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Old Ath. She is young, and apt:
Our own precedent passions do instruct us
Tim. [to Lucilius] Love you the maid?
I call the gods to witness, I will choose
Tim. How shall she be endow'd, If she be mated with an equal husband? Old Ath. Three talents, on the present; in future, all.
Tim. This gentleman of mine hath serv'd me long;
To build his fortune, I will strain a little,
Luc. Humbly I thank your lordship: Never may That state or fortune fall into my keeping, Which is not ow'd to you!
[Exeunt Lucilius and old Athenian. Poet. Vouchsafe my labour, and long live your lordship!
Tim. I thank you; you shall hear from me anon:
Go not away. What have you there, my friend?
Pain. A piece of painting; which I do beseech
Your lordship to accept.
The gods preserve you!
Tim. Well fare you, gentlemen: Give me your
We must needs dine together.-Sir, your jewel
Well mock'd. Mer. No, my good lord; he speaks the common tongue,
Which all men speak with him.
Tim. Look, who comes here. Will you be chid?
Jew. We will bear, with your lordship.
He'll spare none.
Tim. Good morrow to thee, gentle Apemantus! Apem. Till I be gentle, stay for thy good mor
When thou art Timon's dog, and these knaves honest.
Tim. Why dost thou call them knaves? thou know'st them not.
Apem. Are they not Athenians?
Apem. Then I repent not.
Jew. You know me, Apemantus.
Apem. Thou know'st, I do; I call'd thee by thy
Tim. Thou art proud, Apemantus.
Apem. Of nothing so much, as that I am not like Timon.
Tim. Whither art going?
Apem. To knock out an honest Athenian's brains. Tim. That's a deed thou'lt die for.
Apem. Right, if doing nothing be death by the law.
Tim. How likest thou this picture, Apemantus? Apem. The best, for the innocence.
Tim. Wrought he not well, that painted it?
Apem. He wrought better, that made the painter; and yet he's but a filthy piece of work.
Pain. You are a dog.
Apem. Thy mother's of my generation; What's she, if I be a dog?
Tim. Wilt dine with me, Apemantus?
Apem. No; I eat not lords.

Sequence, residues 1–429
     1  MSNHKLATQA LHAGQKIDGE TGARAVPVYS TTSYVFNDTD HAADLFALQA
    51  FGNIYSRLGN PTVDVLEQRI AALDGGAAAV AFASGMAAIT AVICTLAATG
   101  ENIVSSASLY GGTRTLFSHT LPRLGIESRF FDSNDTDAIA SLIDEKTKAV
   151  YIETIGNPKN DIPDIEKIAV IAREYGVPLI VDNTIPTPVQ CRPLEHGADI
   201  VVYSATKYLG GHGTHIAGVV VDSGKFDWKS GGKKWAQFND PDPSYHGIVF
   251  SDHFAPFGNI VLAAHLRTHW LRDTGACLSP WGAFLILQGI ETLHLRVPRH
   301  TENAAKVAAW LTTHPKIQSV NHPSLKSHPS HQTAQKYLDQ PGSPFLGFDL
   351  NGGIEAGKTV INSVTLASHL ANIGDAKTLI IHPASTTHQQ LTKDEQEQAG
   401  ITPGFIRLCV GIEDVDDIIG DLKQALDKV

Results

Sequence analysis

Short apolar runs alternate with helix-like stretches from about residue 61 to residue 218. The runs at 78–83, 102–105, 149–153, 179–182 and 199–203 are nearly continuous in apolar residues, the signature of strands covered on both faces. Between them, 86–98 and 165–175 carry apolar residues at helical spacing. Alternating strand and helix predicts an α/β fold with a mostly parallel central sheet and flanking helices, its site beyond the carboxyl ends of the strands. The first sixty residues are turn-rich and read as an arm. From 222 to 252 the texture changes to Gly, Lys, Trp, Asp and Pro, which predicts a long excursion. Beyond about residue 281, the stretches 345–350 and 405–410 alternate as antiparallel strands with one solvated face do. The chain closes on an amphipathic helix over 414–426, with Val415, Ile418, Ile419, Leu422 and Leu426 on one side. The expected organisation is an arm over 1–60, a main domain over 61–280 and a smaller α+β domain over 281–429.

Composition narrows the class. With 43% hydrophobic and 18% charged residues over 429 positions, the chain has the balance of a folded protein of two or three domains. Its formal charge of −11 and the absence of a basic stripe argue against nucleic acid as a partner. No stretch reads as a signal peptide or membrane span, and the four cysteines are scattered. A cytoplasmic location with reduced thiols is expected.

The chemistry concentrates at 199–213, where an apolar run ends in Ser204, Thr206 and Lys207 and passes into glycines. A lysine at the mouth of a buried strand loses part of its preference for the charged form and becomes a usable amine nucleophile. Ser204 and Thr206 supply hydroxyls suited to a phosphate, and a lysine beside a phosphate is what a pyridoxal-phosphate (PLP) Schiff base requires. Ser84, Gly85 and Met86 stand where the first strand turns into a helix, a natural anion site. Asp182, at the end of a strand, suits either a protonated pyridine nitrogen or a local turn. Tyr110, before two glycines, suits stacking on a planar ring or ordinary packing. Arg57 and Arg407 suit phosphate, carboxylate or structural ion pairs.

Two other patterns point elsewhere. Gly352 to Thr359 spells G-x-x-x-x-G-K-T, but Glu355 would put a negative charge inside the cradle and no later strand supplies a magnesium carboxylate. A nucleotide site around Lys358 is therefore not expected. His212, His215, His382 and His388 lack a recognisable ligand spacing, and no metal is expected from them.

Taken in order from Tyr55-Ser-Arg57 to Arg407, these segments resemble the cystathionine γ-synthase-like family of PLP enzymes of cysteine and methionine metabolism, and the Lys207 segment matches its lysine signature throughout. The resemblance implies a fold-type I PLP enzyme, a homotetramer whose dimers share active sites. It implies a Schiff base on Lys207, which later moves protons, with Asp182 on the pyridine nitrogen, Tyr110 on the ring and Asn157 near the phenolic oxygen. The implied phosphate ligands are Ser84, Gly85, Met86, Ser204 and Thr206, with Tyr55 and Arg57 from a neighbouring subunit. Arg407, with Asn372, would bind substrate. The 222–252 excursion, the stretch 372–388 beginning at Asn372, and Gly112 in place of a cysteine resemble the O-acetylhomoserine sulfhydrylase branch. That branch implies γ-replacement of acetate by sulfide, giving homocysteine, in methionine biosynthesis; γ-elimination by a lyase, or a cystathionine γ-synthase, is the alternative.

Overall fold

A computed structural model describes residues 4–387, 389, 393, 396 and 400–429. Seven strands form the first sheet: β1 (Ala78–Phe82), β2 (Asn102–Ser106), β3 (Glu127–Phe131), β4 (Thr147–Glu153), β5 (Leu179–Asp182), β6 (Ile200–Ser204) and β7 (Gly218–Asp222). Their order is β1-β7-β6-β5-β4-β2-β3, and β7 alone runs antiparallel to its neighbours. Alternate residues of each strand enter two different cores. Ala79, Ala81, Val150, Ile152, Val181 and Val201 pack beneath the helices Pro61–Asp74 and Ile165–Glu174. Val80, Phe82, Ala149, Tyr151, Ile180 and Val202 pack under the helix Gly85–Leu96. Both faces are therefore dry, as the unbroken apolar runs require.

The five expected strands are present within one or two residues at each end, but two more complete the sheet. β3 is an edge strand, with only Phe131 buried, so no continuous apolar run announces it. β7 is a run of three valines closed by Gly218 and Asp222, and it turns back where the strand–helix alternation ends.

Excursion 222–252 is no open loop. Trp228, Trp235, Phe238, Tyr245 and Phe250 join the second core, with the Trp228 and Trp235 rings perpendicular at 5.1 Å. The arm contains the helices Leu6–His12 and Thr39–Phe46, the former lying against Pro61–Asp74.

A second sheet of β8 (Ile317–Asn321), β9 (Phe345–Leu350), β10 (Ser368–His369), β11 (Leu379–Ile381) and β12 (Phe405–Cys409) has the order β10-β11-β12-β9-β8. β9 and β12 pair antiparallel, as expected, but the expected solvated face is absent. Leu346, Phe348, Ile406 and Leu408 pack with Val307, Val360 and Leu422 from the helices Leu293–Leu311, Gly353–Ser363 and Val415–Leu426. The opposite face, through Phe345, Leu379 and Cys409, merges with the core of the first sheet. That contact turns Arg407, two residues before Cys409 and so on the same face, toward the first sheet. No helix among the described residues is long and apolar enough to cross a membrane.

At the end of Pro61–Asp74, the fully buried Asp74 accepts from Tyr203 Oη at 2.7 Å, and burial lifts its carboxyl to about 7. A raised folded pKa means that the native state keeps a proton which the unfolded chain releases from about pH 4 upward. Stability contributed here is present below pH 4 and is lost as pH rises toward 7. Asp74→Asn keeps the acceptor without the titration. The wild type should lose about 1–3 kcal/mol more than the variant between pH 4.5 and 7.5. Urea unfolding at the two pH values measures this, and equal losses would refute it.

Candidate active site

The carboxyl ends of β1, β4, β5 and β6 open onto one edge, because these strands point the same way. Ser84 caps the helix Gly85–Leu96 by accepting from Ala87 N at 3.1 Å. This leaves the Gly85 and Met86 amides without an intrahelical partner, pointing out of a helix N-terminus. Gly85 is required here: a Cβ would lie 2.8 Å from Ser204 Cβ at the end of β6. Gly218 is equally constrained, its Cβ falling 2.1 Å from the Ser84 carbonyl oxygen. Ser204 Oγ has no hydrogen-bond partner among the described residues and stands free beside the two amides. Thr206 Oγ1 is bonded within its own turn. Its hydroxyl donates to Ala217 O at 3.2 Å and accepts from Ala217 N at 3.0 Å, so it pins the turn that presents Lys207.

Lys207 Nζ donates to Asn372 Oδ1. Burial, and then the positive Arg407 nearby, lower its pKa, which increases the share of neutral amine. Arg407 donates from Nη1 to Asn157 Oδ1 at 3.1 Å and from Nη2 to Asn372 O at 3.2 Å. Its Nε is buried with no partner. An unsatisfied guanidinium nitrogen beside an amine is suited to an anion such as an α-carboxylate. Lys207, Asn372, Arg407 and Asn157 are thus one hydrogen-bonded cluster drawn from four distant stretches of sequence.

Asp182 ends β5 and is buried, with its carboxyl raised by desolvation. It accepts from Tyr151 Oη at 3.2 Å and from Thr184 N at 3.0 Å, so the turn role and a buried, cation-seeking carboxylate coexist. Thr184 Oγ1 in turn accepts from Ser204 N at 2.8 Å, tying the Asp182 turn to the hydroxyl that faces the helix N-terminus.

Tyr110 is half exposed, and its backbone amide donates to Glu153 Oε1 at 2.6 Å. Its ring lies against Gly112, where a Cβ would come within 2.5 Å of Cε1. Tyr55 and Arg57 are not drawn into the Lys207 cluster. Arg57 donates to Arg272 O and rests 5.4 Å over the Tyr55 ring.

Tim. An thou should'st, thou'dst anger ladies.
Apem. O, they eat lords; so they come by great bellies.
Tim. That's a lascivious apprehension.
Apem. So thou apprehend'st it: Take it for thy labour.
Tim. How dost thou like this jewel, Apemantus? Apem. Not so well as plain-dealing, which will not cost a man a doit.
Tim. What dost thou think 'tis worth?
Apem. Not worth my thinking.-How now, poet?
Poet. How now, philosopher?
Apem. Thou liest.
Poet. Art not one?
Poet. Then I lie not.
Apem. Art not a poet?
Apem. Then thou liest: look in thy last work, where thou hast feign'd him a worthy fellow.
Poet. That's not feign'd, he is so.
Apem. Yes, he is worthy of thee, and to pay thee for thy labour: He, that loves to be flatter'd, is worthy o'the flatterer. Heavens, that I were a lord!
Tim. What would'st do then, Apemantus?
Apem. Even as Apemantus does now, hate a lord with my heart.
Tim. What, thyself?
Apem. That I had no angry wit to be a lord.
Art not thou a merchant?
Mer. Ay, Apemantus.
Apem. Traffick confound thee, if the gods will
Mer. If traffick do it, the gods do it.
Apem. Traffick's thy god, and thy god confound thee!
Trumpets sound. Enter a Servant.
Tim. What trumpet's that?
Serv. 'Tis Alcibiades, and Some twenty horse, all of companionship. Tim. Pray, entertain them; give them guide to [Exeunt some Attendants. You must needs dine with me:-Go not you hence, Till I have thank'd you; and, when dinner's done, Show me this piece.-I am joyful of your sights.—
Enter Alcibiades, with his company.
Most welcome, sir!
So, so; there!—
Aches contract and starve your supple joints!That there should be small love 'mongst these sweet knaves,
And all this court'sy! The strain of man's bred out Into baboon and monkey.
Alcib. Sir, you have sav'd my longing, and I feed Most hungrily on your sight.
Tim. Right welcome, sir: Ere we depart, we'll share a bounteous time In different pleasures. Pray you, let us in. [Exeunt all but Apemantus.